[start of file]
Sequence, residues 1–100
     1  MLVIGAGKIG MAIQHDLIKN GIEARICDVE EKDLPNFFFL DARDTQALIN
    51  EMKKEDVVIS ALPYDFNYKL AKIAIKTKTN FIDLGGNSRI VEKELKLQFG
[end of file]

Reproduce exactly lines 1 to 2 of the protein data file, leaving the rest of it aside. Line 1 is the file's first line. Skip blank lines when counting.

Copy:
Sequence, residues 1–100
     1  MLVIGAGKIG MAIQHDLIKN GIEARICDVE EKDLPNFFFL DARDTQALIN